July 2021 has earned the unenviable distinction as the world’s hottest month ever recorded, according to new global data released today by NOAA’s National Centers for Environmental Information.
“In this case, first place is the worst place to be,” said NOAA Administrator Rick Spinrad, Ph.D. “July is typically the world’s warmest month of the year, but July 2021 outdid itself as the hottest July and month ever recorded. This new record adds to the disturbing and disruptive path that climate change has set for the globe.”
“This new record adds to the disturbing and disruptive path that climate change has set for the globe.”
The combined land and ocean surface temperature was 0.01C higher than the 2016 record. In the Northern Hemisphere, the land-surface temperature reached an “unprecedented” 1.54C higher than average, surpassing a previous record set in 2012.
“In this case, first place is the worst place to be,” NOAA Administrator Rick Spinrad said in a statement. “This new record adds to the disturbing and disruptive path that climate change has set for the globe.”
At least five heat domes descended on various parts of the hemisphere at once, resulting in consecutive days of stagnant, sweltering heat. Asia saw its hottest July on record (surpassing a previous record set in 2010), while Europe saw its second-hottest July (trailing behind July 2018).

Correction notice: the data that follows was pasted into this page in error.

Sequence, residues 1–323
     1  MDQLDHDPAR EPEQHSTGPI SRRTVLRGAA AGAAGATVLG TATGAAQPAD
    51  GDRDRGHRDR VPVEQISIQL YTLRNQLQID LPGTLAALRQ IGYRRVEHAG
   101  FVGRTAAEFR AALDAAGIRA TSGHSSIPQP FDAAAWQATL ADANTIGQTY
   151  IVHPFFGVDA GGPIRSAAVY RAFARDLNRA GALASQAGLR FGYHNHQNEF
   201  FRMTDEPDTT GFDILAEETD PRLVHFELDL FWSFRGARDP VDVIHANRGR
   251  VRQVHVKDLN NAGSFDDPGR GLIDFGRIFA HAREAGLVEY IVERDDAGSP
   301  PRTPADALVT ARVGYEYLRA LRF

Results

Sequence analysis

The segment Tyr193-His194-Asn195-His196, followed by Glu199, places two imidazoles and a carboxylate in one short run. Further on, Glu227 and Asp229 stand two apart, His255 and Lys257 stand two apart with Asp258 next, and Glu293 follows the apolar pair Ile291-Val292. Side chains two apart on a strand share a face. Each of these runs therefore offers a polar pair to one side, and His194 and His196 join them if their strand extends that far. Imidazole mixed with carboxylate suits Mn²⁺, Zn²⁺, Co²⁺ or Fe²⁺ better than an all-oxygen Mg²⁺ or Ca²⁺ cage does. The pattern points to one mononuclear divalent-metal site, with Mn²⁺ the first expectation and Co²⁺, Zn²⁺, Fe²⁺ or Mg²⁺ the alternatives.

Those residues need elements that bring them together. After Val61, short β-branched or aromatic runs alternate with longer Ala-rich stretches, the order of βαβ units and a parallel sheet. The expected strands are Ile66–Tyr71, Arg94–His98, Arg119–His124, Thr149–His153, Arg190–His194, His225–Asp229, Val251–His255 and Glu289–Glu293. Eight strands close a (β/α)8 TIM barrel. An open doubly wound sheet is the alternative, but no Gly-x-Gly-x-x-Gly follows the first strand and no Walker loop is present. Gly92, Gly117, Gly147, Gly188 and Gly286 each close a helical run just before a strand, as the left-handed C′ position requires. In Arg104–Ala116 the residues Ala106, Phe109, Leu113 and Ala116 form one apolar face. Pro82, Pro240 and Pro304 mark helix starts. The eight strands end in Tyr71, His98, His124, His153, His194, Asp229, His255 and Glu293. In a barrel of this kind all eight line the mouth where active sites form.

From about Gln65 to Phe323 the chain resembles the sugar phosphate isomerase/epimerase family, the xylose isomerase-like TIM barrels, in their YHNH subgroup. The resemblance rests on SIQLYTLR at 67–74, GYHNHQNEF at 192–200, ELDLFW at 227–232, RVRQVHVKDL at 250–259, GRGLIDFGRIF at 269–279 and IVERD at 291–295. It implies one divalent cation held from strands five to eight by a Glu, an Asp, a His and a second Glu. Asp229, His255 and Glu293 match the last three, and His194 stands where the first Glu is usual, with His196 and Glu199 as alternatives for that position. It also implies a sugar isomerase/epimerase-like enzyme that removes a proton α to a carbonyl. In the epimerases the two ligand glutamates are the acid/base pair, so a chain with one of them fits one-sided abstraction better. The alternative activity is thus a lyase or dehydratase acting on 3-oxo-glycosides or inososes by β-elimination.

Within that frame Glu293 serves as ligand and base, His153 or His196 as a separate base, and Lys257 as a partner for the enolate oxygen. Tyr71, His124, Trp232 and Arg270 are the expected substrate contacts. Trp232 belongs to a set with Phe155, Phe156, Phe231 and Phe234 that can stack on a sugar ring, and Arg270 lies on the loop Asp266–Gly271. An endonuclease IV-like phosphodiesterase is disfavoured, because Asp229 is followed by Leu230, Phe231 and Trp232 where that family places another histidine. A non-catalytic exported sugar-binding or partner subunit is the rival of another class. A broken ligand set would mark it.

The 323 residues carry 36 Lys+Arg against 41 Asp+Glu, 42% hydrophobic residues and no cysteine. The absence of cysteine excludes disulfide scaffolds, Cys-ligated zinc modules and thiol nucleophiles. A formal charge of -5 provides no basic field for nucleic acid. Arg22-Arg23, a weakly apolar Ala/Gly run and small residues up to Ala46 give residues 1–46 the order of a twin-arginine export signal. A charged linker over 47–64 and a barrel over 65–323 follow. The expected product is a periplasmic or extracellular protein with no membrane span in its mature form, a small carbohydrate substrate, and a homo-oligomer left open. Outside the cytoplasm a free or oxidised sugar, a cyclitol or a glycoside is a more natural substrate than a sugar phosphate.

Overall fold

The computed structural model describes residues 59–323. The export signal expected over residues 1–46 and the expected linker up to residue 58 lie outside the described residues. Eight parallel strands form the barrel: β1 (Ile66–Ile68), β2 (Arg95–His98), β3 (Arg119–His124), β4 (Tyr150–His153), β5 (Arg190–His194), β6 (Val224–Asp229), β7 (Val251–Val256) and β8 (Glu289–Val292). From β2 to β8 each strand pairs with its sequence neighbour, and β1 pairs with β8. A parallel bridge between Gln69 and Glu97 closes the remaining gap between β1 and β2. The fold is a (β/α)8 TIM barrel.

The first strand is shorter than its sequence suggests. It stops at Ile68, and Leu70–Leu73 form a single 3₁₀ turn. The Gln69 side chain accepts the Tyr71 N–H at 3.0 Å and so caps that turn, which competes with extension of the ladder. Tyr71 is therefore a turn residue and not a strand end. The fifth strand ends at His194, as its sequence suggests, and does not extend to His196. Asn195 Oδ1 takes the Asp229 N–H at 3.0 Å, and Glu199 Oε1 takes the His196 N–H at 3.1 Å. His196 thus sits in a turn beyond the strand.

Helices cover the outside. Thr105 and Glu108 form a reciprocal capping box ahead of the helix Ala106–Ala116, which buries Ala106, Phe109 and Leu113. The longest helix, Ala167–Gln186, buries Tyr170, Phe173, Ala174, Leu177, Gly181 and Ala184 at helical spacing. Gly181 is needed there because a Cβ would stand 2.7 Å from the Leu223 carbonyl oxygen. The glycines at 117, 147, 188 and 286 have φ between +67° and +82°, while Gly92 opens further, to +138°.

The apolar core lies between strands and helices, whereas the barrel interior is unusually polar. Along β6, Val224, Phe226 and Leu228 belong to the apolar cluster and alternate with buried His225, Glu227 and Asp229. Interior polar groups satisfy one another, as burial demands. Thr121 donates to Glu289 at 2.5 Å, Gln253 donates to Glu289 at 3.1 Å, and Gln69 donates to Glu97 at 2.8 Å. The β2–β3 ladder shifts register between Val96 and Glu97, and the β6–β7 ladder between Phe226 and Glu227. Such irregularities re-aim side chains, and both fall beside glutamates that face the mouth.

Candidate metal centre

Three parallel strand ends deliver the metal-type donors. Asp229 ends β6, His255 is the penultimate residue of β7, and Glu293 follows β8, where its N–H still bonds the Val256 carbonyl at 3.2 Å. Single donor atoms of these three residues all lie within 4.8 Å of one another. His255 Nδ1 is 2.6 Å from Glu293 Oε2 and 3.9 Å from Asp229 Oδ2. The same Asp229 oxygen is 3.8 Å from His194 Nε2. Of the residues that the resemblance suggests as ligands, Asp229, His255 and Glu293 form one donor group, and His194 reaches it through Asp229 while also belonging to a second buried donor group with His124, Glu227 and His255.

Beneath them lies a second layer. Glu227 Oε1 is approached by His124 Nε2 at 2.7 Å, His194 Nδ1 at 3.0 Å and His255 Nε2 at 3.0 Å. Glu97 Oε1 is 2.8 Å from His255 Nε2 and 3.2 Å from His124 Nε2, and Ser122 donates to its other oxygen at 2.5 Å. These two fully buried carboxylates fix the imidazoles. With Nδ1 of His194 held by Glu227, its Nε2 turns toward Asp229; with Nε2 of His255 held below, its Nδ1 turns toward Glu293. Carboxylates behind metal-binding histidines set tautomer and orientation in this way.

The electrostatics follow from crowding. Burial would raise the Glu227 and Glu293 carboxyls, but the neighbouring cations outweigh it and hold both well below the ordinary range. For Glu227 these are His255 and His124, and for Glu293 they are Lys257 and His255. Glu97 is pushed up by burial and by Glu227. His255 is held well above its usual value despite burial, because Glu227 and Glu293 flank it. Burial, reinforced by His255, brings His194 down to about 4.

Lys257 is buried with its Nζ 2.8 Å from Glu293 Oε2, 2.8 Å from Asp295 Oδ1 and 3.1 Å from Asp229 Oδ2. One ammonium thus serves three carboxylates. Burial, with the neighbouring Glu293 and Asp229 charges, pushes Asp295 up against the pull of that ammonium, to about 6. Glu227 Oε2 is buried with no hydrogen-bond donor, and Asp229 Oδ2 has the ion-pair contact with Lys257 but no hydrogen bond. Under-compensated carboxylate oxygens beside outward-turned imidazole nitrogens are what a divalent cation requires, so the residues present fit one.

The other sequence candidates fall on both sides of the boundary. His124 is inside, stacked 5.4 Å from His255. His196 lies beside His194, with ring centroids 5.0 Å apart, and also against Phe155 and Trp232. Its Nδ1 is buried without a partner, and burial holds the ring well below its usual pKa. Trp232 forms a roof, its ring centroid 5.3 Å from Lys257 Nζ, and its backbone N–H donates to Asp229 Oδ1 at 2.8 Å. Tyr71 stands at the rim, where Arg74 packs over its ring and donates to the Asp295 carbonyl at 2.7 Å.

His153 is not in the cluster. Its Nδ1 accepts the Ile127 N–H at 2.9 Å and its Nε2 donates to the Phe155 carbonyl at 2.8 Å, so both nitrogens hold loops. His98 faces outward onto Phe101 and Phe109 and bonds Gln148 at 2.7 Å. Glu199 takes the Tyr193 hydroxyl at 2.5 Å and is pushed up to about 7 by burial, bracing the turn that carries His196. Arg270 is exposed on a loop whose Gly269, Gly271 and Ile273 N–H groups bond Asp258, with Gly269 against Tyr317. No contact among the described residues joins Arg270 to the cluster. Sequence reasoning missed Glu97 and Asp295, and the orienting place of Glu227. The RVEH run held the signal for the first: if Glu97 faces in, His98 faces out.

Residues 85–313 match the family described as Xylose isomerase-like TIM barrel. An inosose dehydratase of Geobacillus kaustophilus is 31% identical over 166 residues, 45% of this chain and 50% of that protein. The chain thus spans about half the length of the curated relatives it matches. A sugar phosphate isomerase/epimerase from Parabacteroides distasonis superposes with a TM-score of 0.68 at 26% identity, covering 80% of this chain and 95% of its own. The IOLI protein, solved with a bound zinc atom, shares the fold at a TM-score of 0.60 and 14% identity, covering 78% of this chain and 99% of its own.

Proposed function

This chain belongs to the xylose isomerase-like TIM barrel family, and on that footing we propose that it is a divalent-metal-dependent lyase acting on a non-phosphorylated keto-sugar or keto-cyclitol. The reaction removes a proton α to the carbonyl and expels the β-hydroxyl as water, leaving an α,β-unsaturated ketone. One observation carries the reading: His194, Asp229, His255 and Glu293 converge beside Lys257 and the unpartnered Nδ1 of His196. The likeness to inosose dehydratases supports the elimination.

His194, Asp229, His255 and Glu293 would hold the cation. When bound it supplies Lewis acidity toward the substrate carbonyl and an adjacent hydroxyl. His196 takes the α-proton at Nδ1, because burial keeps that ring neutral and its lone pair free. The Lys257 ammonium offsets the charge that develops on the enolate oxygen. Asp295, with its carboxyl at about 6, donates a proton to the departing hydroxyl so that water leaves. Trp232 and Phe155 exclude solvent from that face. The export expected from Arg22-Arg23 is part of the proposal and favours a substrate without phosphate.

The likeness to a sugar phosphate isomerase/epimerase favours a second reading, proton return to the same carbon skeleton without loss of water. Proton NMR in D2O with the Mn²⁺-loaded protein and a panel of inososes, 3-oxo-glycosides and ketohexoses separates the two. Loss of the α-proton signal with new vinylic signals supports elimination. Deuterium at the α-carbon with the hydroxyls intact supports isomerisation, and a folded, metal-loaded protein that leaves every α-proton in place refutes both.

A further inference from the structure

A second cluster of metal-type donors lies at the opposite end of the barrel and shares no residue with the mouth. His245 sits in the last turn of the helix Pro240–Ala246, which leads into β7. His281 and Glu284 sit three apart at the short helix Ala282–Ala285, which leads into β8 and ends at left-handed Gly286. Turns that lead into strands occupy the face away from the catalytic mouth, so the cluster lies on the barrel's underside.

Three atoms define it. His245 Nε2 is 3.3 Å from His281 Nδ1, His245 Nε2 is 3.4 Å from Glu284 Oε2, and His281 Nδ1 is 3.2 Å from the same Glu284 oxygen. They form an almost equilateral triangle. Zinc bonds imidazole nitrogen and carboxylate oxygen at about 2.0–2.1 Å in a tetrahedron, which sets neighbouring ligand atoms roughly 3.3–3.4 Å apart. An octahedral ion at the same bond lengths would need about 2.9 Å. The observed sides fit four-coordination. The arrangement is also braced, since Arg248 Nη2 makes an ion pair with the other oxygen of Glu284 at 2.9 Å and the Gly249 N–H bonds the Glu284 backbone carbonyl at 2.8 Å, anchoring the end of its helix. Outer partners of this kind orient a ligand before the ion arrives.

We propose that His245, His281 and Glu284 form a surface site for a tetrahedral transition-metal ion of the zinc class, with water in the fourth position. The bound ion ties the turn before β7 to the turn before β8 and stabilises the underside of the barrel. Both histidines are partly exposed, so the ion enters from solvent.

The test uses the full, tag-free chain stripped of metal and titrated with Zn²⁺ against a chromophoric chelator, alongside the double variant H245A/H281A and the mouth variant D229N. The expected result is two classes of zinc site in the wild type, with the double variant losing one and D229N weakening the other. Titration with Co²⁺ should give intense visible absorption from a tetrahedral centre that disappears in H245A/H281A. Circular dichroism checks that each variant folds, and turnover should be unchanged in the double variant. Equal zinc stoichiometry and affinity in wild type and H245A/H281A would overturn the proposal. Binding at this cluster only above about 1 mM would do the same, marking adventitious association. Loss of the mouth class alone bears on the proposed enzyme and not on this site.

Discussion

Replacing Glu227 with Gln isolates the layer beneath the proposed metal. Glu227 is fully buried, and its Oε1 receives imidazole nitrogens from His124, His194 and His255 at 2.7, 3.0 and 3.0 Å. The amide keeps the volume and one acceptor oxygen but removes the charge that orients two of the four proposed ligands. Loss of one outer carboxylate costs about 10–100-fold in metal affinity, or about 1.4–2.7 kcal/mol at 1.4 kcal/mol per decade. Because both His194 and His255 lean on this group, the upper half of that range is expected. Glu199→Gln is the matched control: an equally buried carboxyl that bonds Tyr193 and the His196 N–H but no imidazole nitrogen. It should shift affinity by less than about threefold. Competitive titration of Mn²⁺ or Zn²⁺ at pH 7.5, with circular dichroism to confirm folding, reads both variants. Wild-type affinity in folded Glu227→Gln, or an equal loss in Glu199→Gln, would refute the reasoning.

Record high temperatures were also recorded in the US, Canada, Turkey, Japan, Ireland, and many other jurisdictions. Earlier this week, a report from the United Nations said that climate change is having an “unprecedented” impact on the earth, with some changes likely to be “irreversible for centuries to millennia.”
UN Secretary General António Guterres said that the findings were “a code red for humanity.”
“If we combine forces now, we can avert climate catastrophe. But as today’s report makes clear, there is no time for delay and no room for excuses,” he said. The authors of the report said that since 1970, global surface temperatures have risen faster than in any other 50-year period over the past 2,000 years.